Tim Roth has signed on to star in David Cronenberg‘s developing TV series, Knifeman. Knifeman is based on Wendy Moore‘s biography about 18th century surgeon John Hunter; when the project was announced, I longed for a period piece. But Deadline says Roth will play “John Tattersall, a radical, self-educated surgeon who will go to unorthodox lengths to uncover the secrets of the human body.” So it looks like Hunter will be the inspiration, not the character. Too bad, but given the premise and Cronenberg’s involvement, Knifeman still sounds like something more than your typical medical drama. Skipping the pilot process, Media Rights Capital ordered the show straight to series and plans to shop it out to networks soon. Roth is all in on Knifeman, which means he’ll bow out as star of the drama project he was developing with Lie to Me showrunner Alex Cary—Roth will stay on as producer.
Cronenberg will direct the first episode from a script by Rolin Jones (Friday Night Lights) based on a story Jones conceived with Ron Fitzgerald (Friday Night Lights). Cronenberg, Jones, and Fitzgerald will produce alongside Sam Raimi, Josh Donen, Robert Zotnowski, and Renee Tab. Hit the jump for a synopsis of Moore’s biography, The Knife Man.
It appears that the Eastern Promises sequel that’s been brewing for the last few years is finally happening. Director David Cronenberg’s 2007 crime drama was extremely well received upon release, and talk then turned to a possible sequel with star Viggo Mortensen returning. As early as last November Cronenberg was talking about the positive chances of a sequel happening, and now it appears that things are moving full-speed ahead. However, Cronenberg apparently won’t be returning as director this time. Vulture reports that not only is co-star Vincent Cassel in negotiations to return for the follow-up, but screenwriter Steven Knight will be taking over the director’s chair. Hit the jump for more.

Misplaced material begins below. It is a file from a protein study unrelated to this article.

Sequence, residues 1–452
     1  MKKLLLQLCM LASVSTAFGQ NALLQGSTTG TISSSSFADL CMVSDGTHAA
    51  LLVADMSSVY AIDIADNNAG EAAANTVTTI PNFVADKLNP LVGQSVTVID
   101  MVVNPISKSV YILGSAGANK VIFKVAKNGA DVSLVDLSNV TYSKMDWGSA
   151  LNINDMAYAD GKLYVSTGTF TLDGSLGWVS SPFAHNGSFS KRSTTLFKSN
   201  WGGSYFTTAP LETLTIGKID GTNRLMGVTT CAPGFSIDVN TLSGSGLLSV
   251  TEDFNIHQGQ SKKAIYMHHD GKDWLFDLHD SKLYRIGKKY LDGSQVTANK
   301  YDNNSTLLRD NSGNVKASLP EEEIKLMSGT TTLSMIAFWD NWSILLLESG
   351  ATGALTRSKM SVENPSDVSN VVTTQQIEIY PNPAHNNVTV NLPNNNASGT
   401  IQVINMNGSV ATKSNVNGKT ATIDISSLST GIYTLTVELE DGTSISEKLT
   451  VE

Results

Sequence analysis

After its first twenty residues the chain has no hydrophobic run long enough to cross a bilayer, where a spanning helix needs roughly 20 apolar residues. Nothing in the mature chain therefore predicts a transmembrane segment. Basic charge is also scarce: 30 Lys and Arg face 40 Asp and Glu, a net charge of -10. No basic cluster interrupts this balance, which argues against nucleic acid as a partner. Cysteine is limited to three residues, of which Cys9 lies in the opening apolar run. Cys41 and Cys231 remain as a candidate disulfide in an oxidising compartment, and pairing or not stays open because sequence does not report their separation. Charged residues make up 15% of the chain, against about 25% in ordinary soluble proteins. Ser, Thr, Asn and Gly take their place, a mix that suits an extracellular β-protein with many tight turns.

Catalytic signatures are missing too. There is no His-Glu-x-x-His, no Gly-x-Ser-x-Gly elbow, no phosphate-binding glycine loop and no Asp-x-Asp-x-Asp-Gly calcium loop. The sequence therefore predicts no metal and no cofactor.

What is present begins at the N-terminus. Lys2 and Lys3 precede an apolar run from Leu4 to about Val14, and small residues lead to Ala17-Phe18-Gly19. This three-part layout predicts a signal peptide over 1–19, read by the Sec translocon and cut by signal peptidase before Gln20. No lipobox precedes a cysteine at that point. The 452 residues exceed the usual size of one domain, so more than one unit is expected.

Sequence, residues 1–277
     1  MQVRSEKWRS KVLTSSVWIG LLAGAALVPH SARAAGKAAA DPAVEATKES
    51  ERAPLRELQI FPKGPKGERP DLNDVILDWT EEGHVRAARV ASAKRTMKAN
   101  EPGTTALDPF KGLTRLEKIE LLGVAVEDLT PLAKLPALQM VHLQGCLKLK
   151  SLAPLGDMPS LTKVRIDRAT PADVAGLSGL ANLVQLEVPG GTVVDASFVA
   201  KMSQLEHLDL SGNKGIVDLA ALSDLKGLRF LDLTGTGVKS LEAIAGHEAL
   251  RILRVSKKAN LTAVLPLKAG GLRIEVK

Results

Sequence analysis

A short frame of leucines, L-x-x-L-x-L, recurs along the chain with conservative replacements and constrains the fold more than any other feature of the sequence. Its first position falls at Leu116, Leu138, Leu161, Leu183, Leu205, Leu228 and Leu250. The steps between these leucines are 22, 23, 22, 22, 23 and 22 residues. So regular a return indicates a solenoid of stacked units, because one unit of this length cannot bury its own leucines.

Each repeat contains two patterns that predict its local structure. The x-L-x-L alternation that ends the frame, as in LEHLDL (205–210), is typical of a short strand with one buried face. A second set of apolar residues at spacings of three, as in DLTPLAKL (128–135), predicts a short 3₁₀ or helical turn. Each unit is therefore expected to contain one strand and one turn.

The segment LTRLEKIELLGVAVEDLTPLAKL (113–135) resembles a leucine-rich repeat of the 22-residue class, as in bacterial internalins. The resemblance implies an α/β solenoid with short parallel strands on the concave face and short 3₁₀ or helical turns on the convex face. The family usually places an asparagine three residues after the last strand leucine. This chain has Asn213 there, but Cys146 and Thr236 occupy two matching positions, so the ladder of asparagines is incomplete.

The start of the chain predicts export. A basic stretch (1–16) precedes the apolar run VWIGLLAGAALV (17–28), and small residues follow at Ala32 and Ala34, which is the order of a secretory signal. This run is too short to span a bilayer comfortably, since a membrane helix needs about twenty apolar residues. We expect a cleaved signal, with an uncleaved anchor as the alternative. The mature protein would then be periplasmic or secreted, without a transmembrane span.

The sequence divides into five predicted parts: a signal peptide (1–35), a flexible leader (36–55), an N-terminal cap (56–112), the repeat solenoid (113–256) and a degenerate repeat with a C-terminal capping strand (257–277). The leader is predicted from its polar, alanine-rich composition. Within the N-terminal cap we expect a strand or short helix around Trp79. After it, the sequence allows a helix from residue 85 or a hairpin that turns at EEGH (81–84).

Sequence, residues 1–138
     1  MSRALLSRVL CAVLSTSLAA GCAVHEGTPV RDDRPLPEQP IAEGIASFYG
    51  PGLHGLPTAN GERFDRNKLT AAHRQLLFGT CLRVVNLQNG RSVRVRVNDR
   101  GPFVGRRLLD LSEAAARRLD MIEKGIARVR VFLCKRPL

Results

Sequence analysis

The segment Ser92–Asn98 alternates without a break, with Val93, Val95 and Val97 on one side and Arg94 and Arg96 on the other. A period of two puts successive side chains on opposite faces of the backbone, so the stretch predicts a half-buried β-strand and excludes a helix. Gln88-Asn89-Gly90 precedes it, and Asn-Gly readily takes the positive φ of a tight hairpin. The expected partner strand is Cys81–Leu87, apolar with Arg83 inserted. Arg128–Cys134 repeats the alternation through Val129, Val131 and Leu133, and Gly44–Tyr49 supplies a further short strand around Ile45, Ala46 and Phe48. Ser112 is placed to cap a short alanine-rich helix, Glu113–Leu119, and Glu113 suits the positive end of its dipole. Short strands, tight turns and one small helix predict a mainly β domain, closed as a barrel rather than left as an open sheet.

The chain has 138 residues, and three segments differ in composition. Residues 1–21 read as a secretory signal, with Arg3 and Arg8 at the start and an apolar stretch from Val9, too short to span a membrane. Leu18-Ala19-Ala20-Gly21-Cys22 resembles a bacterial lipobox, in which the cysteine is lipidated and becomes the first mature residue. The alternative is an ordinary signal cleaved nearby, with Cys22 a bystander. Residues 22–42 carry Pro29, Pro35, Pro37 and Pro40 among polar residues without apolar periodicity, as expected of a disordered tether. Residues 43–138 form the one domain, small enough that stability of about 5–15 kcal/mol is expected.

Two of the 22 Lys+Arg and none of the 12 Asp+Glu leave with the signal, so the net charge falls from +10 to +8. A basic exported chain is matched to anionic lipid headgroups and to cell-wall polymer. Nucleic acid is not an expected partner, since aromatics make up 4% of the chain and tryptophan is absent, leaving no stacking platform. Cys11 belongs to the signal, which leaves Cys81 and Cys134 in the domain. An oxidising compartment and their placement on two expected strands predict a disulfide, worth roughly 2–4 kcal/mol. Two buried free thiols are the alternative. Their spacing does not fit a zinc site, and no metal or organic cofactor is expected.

[Update: Vulture has corrected their report to say that Cronenberg will indeed direct the sequel, not Knight]
We’ve got a couple of release date shifts to share this afternoon. Briefly:
- Cosmopolis – David Cronenberg’s twisted thriller starring Robert Pattinson has been set for release on August 17th.
- Playing the Field – The Gerard Butler-fronted soccer comedy has been moved off of its Christmas release date to December 7th.
- The Words – The drama starring Bradley Cooper and Zoe Saldana has been moved up to September 7th.
Hit the jump for more on each film.
David Cronenberg‘s latest film, Cosmopolis, picked up some positive buzz last week when it premiered at the Cannes Film Festival. Now the director is looking to reunite not only with that film’s star, Robert Pattinson, but with frequent collaborator Viggo Mortensen. And while we previously reported that Pattinson was looking to team up with Cronenberg for a movie set in France, apparently Cronenberg’s next movie, Maps to the Stars, will be set in the good ol’ U.S. of A.
Hit the jump for more.